Objective 4. Whole genome sequence assembly and annotation of P. semeniperda. This objective has been completed. The work was performed by graduate student Marcus Soliai and undergraduate students David Elzinga and Russell Hermansen. We have a draft sequence of one isolate of P. semeniperda that is fully annotated and available on-line through GBrowse at: http://soda2.cs.byu.edu/cgi-bin/gbrowse/bfod/. The genome is 40 Mb in size with approximately 10,000 gene models reported. We have made progress on assembling a draft sequence for a second isolate. While assembling the genome sequence it became apparent that the genome structure between the two isolates was significantly different, so the decision was made to assemble the two isolate genomes separately. Completion of the assembly of the second genome will require additional sequence data. A manuscript is currently in preparation to report the draft sequence and its comparison to P. tritici-repentis.
Soliai MM, Elzinga D, Hermansen R, Meyer SE, Coleman CE (2010) A whole-genome assembly of Pyrenophora semeniperda and its comparison to Pyrenophora tritici-repentis. Manuscript in preparation.
Objective 5. Identify SNPs from P. semeniperda whole genome sequence and use a set of them to genotype representative individuals collected throughout the intermountain west.
This objective has been completed. Graduate student Marcus Soliai worked with undergraduate student Jonathan Raney to validate 25 single nucleotide polymorphisms. These were used to genotype our collection of fungal isolates from the Intermountain Western United States and several isolates from Eurasia. This part of the project was in collaboration with scientists at Gonzaga University. A manuscript reporting this work is currently being prepared. Additionally, a manuscript reporting the technical details of identifying and validating fungal SNPs has been accepted for publication in the Methods in Molecular Biology series published by Humana Press.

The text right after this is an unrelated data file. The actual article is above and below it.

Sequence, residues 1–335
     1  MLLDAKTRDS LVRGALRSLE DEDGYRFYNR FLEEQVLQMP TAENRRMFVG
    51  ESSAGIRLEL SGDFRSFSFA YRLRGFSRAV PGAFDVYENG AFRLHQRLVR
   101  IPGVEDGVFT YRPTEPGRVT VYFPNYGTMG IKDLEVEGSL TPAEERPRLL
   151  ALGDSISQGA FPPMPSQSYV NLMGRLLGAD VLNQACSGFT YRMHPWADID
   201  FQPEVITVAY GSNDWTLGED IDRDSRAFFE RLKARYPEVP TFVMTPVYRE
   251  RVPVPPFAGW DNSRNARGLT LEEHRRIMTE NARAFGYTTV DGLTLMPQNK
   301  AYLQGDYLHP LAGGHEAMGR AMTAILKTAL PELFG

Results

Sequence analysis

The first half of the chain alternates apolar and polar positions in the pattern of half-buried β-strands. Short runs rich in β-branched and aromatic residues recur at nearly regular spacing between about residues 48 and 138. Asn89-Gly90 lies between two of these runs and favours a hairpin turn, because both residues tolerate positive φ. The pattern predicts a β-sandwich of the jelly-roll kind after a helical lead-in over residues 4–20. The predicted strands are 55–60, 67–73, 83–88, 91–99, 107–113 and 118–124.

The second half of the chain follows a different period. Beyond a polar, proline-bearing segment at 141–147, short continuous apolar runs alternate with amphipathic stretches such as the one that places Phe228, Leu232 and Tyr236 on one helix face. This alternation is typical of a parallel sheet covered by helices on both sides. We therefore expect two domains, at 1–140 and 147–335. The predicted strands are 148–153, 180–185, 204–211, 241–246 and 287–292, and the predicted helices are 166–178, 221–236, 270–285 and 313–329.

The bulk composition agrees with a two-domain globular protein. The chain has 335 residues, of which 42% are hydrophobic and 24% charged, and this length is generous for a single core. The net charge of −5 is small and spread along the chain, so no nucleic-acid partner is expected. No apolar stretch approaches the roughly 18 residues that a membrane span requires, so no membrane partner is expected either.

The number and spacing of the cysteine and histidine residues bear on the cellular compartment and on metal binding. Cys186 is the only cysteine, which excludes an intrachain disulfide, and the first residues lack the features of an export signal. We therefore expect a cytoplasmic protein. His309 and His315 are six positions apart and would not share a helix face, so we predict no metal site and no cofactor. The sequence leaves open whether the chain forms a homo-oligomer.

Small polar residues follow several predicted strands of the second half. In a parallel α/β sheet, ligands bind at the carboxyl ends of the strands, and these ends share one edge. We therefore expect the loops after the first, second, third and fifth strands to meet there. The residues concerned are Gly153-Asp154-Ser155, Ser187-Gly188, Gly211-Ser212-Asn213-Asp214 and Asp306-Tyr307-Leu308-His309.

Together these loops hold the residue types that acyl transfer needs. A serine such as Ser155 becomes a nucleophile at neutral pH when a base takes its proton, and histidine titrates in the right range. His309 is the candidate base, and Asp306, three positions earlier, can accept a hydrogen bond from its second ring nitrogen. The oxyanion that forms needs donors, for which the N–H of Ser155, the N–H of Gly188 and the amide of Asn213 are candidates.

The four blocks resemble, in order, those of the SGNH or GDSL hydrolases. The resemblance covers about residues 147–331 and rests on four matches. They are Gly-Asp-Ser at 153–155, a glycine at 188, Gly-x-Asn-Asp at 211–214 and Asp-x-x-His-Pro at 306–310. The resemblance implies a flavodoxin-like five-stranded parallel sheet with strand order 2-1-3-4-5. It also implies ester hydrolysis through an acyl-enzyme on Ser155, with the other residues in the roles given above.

Coleman CE, Merrill KR, Soliai MM (2010) Single nucleotide polymorphism discovery using 454 pyrosequencing of fungal DNA. In: Slotta T (ed) Methods in Molecular Biology, Human Press, in press.
Boose D, Harrison SL, Soliai MM, Raney JC, Coleman CE, Meyer SE, Stevens M. Population genetic structure and breeding system in a seed bank pathogen revealed using multiple molecular marker systems. To be submitted to American Journal of Botany
Objective 6. Obtain additional 454 sequence data from the whole genome of Ustilago bullata and assemble and annotate a draft genome sequence.
This objective has not been completed. Initial work to obtain genomic DNA and mRNA for producing additional 454 sequence data was done by undergraduate student Krystyna Winn as part of her effort to complete an Honors thesis. Because of health issues she was not able to complete the work. The project has now been taken over by undergraduate student Rachana Gyawali. She has obtained sufficient genomic DNA and cDNA for 454 sequencing and the sequencing will be completed soon followed by assembly and annotation. She has written an ORCA proposal for her work. A final report on this proposal will be submitted when this objective is completed.